Saturday, March 28, 2009

Things that go Bump in the Night

Just as one threat was being shot down as being bogus... Sometimes there really are monsters under the bed. First - if you were ever worried about the Bird Flu or SARS (I still am somewhat and I bought two boxes of N95 masks (Google) for my family), Bird Flu could be nothing compared to some of the other viruses lurking out there (think HIV). Fortunately at least we have people hunting for these things. From TED (via BoingBoing):

The second is the potential of a solar space storm - here's how the New Scientist - which isn't exactly a fringe magazine, paints the worst case scenario:

IT IS midnight on 22 September 2012 and the skies above Manhattan are filled with a flickering curtain of colourful light. Few New Yorkers have seen the aurora this far south but their fascination is short-lived. Within a few seconds, electric bulbs dim and flicker, then become unusually bright for a fleeting moment. Then all the lights in the state go out. Within 90 seconds, the entire eastern half of the US is without power.

A year later and millions of Americans are dead and the nation's infrastructure lies in tatters. The World Bank declares America a developing nation. Europe, Scandinavia, China and Japan are also struggling to recover from the same fateful event - a violent storm, 150 million kilometres away on the surface of the sun.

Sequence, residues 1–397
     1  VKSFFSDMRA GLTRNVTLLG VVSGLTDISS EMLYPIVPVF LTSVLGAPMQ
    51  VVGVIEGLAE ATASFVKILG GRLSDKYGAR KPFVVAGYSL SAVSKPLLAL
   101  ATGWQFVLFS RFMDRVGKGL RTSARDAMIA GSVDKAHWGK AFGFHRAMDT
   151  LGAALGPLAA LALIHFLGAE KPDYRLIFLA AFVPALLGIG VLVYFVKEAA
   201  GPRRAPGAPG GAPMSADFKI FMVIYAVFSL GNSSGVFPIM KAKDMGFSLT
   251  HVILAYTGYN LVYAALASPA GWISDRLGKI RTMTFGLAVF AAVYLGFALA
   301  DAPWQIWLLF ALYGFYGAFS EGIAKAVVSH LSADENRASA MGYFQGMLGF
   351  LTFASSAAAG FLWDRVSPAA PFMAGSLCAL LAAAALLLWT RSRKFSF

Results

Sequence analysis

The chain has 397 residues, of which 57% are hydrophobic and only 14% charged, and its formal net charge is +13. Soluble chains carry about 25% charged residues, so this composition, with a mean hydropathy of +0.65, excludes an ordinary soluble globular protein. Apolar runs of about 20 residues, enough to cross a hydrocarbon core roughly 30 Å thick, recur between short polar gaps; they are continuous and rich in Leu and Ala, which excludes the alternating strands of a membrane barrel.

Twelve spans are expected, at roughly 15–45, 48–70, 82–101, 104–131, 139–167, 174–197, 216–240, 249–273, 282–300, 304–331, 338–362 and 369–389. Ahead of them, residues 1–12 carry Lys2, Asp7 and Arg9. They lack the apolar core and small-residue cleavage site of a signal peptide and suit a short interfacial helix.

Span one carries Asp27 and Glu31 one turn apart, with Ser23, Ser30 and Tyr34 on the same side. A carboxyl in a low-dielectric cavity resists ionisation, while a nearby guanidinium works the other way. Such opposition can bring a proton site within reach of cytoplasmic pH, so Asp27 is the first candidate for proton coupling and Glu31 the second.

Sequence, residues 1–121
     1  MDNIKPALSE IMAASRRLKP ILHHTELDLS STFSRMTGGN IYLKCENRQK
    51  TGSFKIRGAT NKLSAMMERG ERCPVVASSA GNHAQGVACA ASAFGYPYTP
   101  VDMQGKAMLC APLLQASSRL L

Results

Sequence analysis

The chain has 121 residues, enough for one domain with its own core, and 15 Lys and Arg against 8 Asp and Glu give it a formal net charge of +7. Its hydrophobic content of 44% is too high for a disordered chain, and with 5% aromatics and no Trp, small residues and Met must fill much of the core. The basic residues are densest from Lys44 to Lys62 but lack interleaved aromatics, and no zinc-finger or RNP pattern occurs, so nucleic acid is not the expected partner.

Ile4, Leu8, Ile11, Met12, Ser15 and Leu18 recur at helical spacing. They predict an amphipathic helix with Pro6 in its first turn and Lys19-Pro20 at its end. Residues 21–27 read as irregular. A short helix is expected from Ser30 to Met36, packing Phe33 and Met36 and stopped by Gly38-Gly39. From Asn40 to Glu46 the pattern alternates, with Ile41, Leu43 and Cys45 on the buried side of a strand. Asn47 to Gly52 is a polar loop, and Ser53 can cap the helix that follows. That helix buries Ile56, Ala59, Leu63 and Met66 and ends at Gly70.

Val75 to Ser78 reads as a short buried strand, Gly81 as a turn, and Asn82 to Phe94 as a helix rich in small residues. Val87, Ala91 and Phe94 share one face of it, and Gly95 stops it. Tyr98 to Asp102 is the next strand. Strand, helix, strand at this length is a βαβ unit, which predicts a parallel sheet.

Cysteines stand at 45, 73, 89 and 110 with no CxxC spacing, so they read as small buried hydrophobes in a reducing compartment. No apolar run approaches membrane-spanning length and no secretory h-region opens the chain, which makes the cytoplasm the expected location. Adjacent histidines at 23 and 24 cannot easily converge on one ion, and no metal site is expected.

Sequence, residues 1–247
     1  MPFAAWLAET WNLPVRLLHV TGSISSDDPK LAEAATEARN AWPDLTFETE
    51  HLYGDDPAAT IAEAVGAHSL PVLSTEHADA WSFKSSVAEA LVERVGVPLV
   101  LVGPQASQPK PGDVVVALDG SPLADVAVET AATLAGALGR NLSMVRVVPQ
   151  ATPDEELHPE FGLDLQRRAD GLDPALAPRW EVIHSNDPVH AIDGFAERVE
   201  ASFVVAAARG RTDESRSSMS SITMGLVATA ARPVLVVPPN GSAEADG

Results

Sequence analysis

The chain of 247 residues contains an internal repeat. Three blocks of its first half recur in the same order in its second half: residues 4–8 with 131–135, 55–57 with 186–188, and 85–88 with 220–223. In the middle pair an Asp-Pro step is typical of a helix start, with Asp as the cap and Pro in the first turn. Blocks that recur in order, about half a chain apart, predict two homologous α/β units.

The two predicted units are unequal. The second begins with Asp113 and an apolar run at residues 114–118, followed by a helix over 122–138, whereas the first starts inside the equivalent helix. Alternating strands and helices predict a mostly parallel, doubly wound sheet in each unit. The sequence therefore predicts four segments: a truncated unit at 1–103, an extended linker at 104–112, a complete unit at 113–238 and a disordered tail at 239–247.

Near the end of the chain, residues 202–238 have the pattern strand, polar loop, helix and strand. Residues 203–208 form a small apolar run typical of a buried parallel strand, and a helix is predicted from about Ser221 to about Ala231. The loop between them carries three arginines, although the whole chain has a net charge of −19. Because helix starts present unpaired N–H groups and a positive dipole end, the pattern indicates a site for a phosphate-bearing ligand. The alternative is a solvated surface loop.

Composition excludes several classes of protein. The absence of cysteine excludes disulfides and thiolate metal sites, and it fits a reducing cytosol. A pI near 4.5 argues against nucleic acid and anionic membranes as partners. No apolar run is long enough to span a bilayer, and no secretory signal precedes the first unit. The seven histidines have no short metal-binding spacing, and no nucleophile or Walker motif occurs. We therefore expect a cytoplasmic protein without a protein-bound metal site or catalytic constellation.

It's not like this kind of thing hasn't happened before - it has! Just not in major population zones:
The incursion of the plasma into our atmosphere causes rapid changes in the configuration of Earth's magnetic field which, in turn, induce currents in the long wires of the power grids. The grids were not built to handle this sort of direct current electricity. The greatest danger is at the step-up and step-down transformers used to convert power from its transport voltage to domestically useful voltage. The increased DC current creates strong magnetic fields that saturate a transformer's magnetic core. The result is runaway current in the transformer's copper wiring, which rapidly heats up and melts. This is exactly what happened in the Canadian province of Quebec in March 1989, and six million people spent 9 hours without electricity. But things could get much, much worse than that.
(via China Confidential, more here and here)

The big issue is how reliant we are on an outdated electrical grid and an excellent case for decentralizing the grid. I figure though if we can get through the next 10 years without a disaster, some of the amazing technical innovations in energy will provide us with sufficient alternatives but until then... I'm not sure that relying on government is ever ideal.

Something to think about tonight when I'm sure some of you will turn off your lights in observance of "Earth Hour". Me? I think I'll keep the lights on to celebrate human civilization and hope those lights continue burning brightly.

Update: And as if we didn't already have enough things to worry about (RTE News): "A highly radioactive lead ball has gone missing in China, prompting authorities to launch an urgent search."

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